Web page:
“In developing the proposed rule, we conducted extensive public outreach and were informed by the interests of coal country residents and others, including those directly and indirectly employed by the industry and those living with the impacts of mining on a daily basis,” said OSM’s Pizarchik. “That is why we are having a robust public comment process—to provide all stakeholders the opportunity to provide input on the proposed changes.”
The proposed rule is accompanied by a Draft Environmental Impact Statement (DEIS), evaluating the environmental issues associated with the proposed rulemaking, including alternative regulatory approaches, and a Draft Regulatory Impact Assessment (RIA) evaluating the economic impacts. The proposed rule, upon publication in the Federal Register, and the associated DEIS and Draft RIA, will be open for public comment for a period of 60 days.
OSM will hold public hearings on the proposed Stream Protection Rule in five cities across the country beginning in September. Hearings will be held in Pittsburgh, Pennsylvania; Lexington, Kentucky; Charleston, West Virginia; Denver, Colorado; and St. Louis, Missouri. The times and venues of the public hearings will be announced at a later date.
Enviro groups say the proposal is good, but not good enough
Several environmental groups, including the Sierra Club, issued a July 16 statement in guarded support, saying: “These proposed ‘stream protection rules’ affect the ability of mountaintop removal mining companies to destroy or bury waterways near surface mining operations. Although today’s proposal includes some improvements to the current regime, it weakens other critical protections for Appalachian rivers and streams. Notably, the proposal weakens the ‘Stream Buffer Zone’ rule, which prohibits harmful mining activities within 100 feet of Appalachian streams. Appalachian community groups and conservation groups are calling on the Obama Administration to adopt stronger stream protections in the final rule.”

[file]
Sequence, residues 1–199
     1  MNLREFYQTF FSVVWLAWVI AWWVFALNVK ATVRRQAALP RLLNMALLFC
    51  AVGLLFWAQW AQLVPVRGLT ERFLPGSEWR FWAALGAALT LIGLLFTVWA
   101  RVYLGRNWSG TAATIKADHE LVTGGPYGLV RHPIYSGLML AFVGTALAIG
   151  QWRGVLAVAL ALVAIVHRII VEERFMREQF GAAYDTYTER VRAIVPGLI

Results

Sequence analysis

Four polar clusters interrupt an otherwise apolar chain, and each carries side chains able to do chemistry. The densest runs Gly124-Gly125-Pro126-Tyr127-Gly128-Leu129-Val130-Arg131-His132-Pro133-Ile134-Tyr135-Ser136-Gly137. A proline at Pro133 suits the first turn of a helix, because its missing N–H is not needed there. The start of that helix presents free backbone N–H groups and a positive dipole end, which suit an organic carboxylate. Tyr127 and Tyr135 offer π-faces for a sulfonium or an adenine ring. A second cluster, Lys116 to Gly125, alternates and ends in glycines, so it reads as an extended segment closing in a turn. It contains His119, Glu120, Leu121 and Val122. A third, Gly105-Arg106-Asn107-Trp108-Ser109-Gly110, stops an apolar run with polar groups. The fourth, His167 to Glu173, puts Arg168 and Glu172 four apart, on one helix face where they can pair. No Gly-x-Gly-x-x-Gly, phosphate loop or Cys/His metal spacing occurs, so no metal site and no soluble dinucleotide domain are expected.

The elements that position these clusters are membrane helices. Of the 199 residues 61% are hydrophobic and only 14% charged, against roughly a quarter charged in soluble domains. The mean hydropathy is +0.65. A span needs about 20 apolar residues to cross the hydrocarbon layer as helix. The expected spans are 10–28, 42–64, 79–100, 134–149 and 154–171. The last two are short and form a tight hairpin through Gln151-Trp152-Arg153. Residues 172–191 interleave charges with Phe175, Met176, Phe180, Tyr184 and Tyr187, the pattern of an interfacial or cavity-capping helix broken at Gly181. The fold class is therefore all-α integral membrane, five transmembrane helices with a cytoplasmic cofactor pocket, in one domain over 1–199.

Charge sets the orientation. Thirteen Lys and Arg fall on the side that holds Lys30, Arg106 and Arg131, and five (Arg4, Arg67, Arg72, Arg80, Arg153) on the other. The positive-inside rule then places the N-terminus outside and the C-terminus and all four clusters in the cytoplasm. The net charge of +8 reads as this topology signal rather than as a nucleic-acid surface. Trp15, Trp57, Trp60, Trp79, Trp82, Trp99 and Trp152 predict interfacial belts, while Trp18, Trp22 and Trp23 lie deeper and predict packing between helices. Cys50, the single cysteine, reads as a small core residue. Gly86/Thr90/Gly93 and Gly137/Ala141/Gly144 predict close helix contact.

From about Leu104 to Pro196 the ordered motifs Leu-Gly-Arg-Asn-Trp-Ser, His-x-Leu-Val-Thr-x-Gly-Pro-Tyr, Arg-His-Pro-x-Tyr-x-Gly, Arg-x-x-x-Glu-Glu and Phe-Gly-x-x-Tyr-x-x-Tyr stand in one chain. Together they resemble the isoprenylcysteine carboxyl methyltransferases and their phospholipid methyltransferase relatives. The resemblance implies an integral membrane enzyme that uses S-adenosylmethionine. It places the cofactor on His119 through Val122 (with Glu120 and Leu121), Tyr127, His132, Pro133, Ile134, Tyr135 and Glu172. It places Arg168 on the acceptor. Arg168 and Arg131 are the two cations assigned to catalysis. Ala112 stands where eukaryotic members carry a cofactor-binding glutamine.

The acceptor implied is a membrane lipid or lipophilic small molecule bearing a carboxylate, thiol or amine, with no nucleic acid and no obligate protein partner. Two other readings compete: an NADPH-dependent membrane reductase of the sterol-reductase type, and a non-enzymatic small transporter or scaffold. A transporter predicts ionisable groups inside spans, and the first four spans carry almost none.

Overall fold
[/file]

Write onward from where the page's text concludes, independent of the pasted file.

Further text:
“Appalachian communities rely on the rivers and streams covered by these protections, and today’s proposal doesn’t adequately safeguard those communities,” said Sierra Club Beyond Coal Senior Director Bruce Nilles. “The state governments in Appalachia have simply failed to protect our communities, and, and water from the destruction of mountaintop removal mining. We need the federal government to create thoughtful stream protections that ban valley fills and ensure an end to this destructive practice.”
OSM’s proposal does contain some positive elements, say these groups. The proposed protections would require increased monitoring and data collection, provide some additional protection to downstream waters, and marginally increase the responsibility of mine operators to restore harmed areas. Additionally, the new OSM rule has clarified the term “material damage” in the 1977 federal surface mining law. The 1977 law prohibits coal mines from causing “material damage” to surface waterways and groundwater.
“After working for years to get the stream buffer zone enforced, only to have it taken away by the previous Administration, we have worked feverishly to get the stream protection rule as it is now called to do what its name implies: protect the streams in mining operations,” said Teri Blanton of Kentuckians For The Commonwealth. “We are hopeful it lives up to its name; if not, we intend to make sure our waterways are protected by working to ensure the stream protection rule does, indeed, protect.”
“It is the responsibility of the Office of Surface Mining and state authorities to protect drinking water and wildlife habitat from the catastrophic effects of mountaintop removal mining. This proposal, though it does encourage increased safety monitoring and stream restoration, just doesn’t do the job,” said Senior Staff Attorney Jane Davenport at Defenders of Wildlife. “What we need are strong and well-defined mining rules that ensure the health of our nation’s lands and waters.”